Just How Strong Will China's Military Be in 2025?
The People’s Liberation Army and its constituent branches have undergone extraordinary change over the last fifteen years. Doctrine, equipment, training, and strategic orientation have all evolved to the point that the PLA, the PLAN, and the PLAAF have become nearly unrecognizable from the vantage of the 1990s, when they used antiquated equipment, concentrated on making money rather than preparing to fight, and still looked for threats from the north rather than from the east.
The PLA has taken great steps forward over the past decade, just as it took great steps forward in the previous decade. What might it look like ten years from today? What trends do we expect to continue?
Increased Operational Experience:
One area in which China remains dramatically behind the United States is in operational experience. For good or (mostly) ill, the United States has embroiled itself in a series of “wars on terror” which have given its armed forces tremendous experience in the day-to-day execution of military force. These wars have not, to be fair, allowed the military services of the United States to engage in high intensity combat against a peer competitor, but they have nevertheless illuminated key concepts, provided the opportunity for training under fire, and forced the various elements of the U.S. military machine to figure out how to work together. This is experiential, tacit knowledge, and it sets functional military organizations apart from ones that look good but have never been tested under fire.
The PLA lacks such hands on experience, and it’s not clear that China is planning to start an endless, pointless series of wars in order to acquire it. However, there’s little question that China has stepped up its efforts at building experiential knowledge through improving its realistic training procedures (China’s version of Red Flag) and by conducting more overseas deployments of air, land, and naval forces.
Increased Focus on Jointness:
In every war, the U.S. armed services grow closer together, developing the procedures and communications techniques they need in order to perform as an effective team. In every peace, the U.S. armed services grow farther apart, as each pursues internal, parochial goals at the expense of joint training, procurement, and planning. Congress intended the Goldwater-Nichols reforms of 1986 to ameliorate this problem, and to an extent they have; the serious problems of inter-service conflict suffered by the U.S. military in Iraq (1991), Afghanistan, and Iraq (2003) were less consequential, and less dangerous, than those suffered in Korea, Vietnam, or the brushfire operations of the late 1970s and early 1980s.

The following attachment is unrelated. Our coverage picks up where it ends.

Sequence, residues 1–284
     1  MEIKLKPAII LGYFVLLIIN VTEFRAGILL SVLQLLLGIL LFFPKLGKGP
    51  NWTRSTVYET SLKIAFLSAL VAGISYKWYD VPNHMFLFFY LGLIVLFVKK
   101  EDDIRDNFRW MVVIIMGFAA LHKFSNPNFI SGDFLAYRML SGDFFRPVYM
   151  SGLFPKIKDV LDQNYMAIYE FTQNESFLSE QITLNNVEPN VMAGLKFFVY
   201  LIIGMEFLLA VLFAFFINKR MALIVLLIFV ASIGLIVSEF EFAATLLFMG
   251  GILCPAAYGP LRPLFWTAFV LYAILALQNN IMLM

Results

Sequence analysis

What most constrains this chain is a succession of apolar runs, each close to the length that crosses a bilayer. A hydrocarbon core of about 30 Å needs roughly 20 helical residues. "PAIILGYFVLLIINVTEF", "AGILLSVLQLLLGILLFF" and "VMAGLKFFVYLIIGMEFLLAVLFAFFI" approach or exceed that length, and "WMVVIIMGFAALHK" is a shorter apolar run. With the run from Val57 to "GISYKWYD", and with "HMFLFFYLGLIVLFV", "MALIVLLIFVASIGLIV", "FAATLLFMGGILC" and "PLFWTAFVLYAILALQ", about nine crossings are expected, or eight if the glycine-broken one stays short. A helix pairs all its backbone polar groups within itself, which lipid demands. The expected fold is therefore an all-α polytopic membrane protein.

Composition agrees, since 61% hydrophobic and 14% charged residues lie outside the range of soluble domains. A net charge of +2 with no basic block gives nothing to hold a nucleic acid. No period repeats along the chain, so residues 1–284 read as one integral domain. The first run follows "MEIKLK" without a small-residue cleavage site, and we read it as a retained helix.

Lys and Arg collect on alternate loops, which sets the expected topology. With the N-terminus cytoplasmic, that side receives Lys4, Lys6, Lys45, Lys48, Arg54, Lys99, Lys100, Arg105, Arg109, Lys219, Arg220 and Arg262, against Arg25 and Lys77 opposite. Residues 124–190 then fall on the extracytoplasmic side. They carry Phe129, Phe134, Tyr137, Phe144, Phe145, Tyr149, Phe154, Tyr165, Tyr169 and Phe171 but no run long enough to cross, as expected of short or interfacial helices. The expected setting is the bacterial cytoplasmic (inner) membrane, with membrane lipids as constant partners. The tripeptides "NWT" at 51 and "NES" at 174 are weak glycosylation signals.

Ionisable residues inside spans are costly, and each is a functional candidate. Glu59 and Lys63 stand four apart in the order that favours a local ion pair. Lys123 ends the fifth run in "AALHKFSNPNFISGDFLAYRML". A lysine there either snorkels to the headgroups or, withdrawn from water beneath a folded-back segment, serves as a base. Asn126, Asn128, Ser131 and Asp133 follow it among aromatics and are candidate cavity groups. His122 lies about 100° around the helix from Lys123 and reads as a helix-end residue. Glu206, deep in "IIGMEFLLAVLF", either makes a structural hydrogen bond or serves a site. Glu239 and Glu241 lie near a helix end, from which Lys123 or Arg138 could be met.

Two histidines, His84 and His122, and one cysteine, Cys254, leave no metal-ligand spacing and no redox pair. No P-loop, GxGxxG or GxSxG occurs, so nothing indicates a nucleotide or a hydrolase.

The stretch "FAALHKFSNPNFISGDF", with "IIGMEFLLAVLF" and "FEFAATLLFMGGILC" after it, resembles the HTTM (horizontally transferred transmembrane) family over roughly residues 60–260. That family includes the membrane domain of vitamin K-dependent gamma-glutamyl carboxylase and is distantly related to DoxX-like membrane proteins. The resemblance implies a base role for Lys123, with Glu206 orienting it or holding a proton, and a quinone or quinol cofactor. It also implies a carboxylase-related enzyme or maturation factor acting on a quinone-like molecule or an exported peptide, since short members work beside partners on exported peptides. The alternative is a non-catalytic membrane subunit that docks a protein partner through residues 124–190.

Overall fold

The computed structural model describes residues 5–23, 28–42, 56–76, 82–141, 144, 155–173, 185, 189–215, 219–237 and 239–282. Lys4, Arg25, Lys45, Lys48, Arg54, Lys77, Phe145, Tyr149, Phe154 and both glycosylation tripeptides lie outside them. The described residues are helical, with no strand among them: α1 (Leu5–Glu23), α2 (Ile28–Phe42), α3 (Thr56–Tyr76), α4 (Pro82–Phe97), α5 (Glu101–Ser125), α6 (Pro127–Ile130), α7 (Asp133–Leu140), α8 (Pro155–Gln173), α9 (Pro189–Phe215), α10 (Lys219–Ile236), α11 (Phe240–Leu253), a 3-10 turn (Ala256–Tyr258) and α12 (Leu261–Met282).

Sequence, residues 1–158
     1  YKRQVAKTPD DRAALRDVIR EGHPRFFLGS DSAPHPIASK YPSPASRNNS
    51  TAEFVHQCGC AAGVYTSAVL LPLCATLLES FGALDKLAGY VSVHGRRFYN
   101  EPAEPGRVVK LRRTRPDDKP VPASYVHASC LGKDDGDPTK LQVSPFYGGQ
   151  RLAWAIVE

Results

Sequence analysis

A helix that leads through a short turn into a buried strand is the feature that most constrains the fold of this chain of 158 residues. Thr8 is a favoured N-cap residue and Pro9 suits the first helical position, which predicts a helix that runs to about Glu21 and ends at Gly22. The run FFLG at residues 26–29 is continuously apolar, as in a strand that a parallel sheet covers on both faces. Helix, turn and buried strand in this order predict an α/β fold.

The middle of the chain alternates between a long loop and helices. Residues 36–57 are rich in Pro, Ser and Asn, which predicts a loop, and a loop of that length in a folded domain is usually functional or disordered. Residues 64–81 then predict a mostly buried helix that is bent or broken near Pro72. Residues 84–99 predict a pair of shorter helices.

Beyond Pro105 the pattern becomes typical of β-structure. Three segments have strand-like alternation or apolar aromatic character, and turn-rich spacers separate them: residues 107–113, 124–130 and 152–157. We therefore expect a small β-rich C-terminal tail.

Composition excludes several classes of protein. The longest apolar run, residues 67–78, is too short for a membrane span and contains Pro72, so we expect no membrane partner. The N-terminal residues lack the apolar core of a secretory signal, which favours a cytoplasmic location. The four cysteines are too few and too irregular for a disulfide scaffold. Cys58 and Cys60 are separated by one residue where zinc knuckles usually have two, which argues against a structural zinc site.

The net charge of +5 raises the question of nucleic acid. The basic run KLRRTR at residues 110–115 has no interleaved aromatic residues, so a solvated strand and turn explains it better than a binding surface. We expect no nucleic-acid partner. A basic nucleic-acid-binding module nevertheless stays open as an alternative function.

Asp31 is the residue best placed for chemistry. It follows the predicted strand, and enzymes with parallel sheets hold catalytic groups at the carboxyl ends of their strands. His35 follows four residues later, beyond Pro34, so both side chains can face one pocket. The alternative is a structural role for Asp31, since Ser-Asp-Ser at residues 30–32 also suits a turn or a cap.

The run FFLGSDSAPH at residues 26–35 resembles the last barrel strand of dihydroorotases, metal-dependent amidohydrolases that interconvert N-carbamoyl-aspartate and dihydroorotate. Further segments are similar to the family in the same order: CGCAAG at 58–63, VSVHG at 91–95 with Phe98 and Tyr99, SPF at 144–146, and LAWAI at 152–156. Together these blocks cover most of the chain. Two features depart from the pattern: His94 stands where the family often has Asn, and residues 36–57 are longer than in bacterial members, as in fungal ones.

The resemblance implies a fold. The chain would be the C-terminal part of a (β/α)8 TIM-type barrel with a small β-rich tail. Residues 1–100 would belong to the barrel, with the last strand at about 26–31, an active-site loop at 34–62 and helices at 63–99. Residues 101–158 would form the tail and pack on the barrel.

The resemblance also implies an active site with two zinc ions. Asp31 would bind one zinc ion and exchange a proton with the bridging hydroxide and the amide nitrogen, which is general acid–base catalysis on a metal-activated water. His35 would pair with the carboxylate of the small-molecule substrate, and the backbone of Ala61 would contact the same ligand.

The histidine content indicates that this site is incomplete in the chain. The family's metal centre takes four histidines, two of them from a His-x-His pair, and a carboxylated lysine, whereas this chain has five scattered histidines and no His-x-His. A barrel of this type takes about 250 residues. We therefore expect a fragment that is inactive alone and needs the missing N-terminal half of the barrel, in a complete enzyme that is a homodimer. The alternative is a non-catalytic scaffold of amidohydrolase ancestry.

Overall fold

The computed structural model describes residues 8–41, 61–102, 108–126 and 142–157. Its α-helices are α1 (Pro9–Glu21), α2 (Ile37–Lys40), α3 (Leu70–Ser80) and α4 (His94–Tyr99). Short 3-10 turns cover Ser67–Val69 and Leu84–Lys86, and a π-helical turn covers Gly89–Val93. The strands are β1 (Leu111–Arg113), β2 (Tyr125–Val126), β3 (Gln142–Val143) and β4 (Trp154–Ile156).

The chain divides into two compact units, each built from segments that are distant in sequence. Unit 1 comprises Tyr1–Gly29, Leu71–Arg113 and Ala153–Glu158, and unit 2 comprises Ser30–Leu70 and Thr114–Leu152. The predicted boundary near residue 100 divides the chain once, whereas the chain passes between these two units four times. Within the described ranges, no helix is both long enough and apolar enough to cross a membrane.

The PLA has developed an incredibly complex “system of anti-access systems” that relies on air, sea, and land assets in order to deny U.S. forces control of China’s littoral. This system of systems only functions properly if the organizations responsible for it can work together. As of yet, there’s not much indication that the land forces of the PLA, the Second Artillery, the PLAAF, and the PLAN have engaged in the work necessary to make them function as a coherent whole. The Chinese military in the Sino-Vietnam war did not do well on this score; land forces could rarely rely on air or naval support, with predictable results. The stakes are even higher now, and there seems to be some indication that Chinese military leaders understand that the different components of the PLA need goading in order to support a shared vision of warfare.
Gradual Reduction in Foreign Dependence
Despite the extraordinary steps that China’s defense industry has taken in the last decade, it remains depressingly dependent on Russian technology and Russian suppliers. Chinese weapons need Russian spare parts, and Chinese industry continues to require Russian advice. As of this writing, China continues to strongly consider the possibility of buying advanced Russian equipment off-the-shelf, including Su-35 fighters and advanced surface-to-air missile systems.